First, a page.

When I met my wife, it was like we had known each other for years. One of the reasons I was nervous (other than the fact that I hit her in the head with my surfboard, splitting her head open) was the deep sense of connection I felt from that first day. We talked about family. We talked about our goals and dreams. We felt comfortable with one another. We felt connected.
In my line of work today, I study a lot of science. And the more I do, the more I see God. And I refuse to think a lot of what we find about God in science is merely a coincidence.
Hormones Are Powerful Stuff.
In Genesis 2:24–25, the dynamics of marriage are introduced, noting that a man will leave his father and mother and be united to his wife, and that the two would become “one flesh.” This expression carries a much deeper significance than we often realize. It carries with it the idea of unity, even closely connected with the Hebrew word meaning “to be united.”
“One flesh” paints the picture of united at the deepest level, not only physically, but also emotionally and spiritually.
The idea is that, as Adam and Eve came from one body, so now they would once again become one.
The Emotional Bond of a Physical Act
We see this reality in the science behind sexual activity. During an intimate physical act, our brain releases a number of chemicals—the chief of all these chemicals is oxytocin. Think of oxytocin as a form of glue, promoting bonding and attachment—and sometimes the opposite. It has even been dubbed the “cuddle hormone” or “love hormone” because it does simply that. Oxytocin creates bonding, trust and generosity in us.
In fact, whenever you feel comfort or security, you can thank oxytocin. Every form of human bonding from non-sexual to sexual interactions involves oxytocin to some degree.
During sexual intercourse, the brain releases oxytocin causing a connection, a bonding on a deep level. Whether we like it or not, oxytocin creates a bond between us and our partner; and the more sexual encounters we have together, the stronger the bond becomes. When oxytocin is released, it floods the brain with endorphins, a natural opiate that activates the pleasure center in the brain.
A person may choose to have sex many times with many different people, and whether he or she knows it or not, a bond is formed with each and every experience. When this bond is broken, it creates pain.
The Spiritual Implications
The story of Adam and Eve is our story. Their union, their eventual fall, it is the story of our desires, our choices, and the brokenness we all feel (see Romans 5). It is the story of what we all yearn for: a deep, intimate, meaningful, trusting relationship with a partner—oneness. This is how God created us. This is his desire for us as well. The question, however, is this: Is it possible for us to get back to that oneness?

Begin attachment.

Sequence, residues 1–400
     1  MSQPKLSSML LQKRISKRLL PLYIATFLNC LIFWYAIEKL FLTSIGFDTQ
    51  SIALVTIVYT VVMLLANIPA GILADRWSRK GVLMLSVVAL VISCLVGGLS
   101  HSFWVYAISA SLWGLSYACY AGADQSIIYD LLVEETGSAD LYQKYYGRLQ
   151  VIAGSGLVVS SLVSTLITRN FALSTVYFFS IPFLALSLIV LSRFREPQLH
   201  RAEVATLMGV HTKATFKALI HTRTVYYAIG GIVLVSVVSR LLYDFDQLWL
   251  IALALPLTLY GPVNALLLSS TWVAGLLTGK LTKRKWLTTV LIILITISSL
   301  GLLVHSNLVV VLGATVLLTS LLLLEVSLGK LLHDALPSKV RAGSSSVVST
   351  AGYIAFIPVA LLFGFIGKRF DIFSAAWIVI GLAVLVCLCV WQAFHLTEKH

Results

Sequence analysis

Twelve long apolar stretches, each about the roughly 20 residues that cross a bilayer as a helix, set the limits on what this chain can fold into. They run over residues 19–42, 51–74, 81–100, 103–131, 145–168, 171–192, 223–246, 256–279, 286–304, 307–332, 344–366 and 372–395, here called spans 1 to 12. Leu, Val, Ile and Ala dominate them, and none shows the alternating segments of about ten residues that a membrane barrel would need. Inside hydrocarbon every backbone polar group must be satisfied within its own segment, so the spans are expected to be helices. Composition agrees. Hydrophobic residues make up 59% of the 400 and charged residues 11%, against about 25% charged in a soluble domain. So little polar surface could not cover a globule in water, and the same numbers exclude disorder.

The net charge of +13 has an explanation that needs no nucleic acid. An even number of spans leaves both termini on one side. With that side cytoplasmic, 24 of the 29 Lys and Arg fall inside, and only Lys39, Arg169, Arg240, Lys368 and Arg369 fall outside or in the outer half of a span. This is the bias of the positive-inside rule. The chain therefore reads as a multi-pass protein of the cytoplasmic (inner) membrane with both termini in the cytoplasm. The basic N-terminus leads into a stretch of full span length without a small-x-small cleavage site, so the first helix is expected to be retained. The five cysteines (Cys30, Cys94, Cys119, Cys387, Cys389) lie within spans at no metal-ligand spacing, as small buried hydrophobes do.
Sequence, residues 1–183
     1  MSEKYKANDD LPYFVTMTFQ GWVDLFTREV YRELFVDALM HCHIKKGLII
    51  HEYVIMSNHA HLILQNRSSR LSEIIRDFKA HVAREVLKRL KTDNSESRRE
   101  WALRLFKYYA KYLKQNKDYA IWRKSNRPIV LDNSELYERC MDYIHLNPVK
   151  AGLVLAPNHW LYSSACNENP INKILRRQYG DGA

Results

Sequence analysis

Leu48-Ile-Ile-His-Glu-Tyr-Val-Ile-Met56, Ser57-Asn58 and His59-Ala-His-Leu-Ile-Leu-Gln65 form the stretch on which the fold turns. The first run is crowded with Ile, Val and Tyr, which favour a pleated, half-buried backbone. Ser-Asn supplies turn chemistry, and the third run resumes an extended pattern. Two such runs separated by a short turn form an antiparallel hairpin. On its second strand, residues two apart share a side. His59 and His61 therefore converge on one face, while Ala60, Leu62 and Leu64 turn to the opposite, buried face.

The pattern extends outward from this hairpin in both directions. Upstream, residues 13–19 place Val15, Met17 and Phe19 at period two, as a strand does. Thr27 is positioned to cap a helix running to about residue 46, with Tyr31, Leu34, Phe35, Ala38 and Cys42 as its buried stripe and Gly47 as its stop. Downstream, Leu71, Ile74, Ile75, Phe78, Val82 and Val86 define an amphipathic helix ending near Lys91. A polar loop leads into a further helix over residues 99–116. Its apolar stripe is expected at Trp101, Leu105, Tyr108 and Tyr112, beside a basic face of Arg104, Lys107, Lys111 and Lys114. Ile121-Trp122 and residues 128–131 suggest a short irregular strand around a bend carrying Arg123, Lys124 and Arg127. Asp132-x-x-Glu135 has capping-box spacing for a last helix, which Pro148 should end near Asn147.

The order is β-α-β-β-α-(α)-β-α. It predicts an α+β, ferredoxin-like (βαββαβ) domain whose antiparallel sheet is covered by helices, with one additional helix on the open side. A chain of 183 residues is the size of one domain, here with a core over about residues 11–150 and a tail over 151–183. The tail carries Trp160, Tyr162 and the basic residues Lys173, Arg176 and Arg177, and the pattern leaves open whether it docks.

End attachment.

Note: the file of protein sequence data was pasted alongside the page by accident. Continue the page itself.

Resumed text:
The Mysterious Design Behind Sex
During sex, two beings—two souls—are uniting, becoming one. There is an intimacy and depth unlike any other act. Sounds like the bonding power of the chemical oxytocin, doesn’t it?
It is interesting that the writer of Genesis 2 connects this sense of two becoming one within the dynamics of marriage. It is as if to communicate that this bond is so powerful, so transcending, that marriage is the only force that can contain it.
Marriage was—and still should be—considered sacred.
Going back to my first date with the woman who would become my wife, we felt such a deep connection, the “natural” thing seemed to be to connect in every way. But we waited.
The amazing thing is that God’s prescriptions for sex and marriage or corroborated by science. Consummating our marriage was not only a physical union—but an emotional and spiritual one as well—a profound moment of unifying power.
As I look at the ancient Scriptures and see science collaborating it, I am even more amazed at how God made us. This gift of sex is not a shameful act—but one to be celebrated and praised. The problem comes when sex used outside of what God intended. It can turn from a blessing to a curse.
The beauty of God is that even if we live in ways that are opposite of what he designed—there is redemption. As God brings us eternal redemption through the cross—he also offers us relational redemption.
But, as Christians, we serve a God of grace and healing, who wants the best for us. No matter what you’ve done in the past, He doesn’t want you to live in shame. He’s all about restoration. But, he wants to us to recognize His plan, even if there are times we’ve diverted from it
Our shortcomings are forgiven when we seek his forgiveness. We are loved and cherished, and he has a life of fulfillment set before us. In the end, the choice is up to us—will we decide to live in ways that bring about unity and wholeness or ways that lead to pain?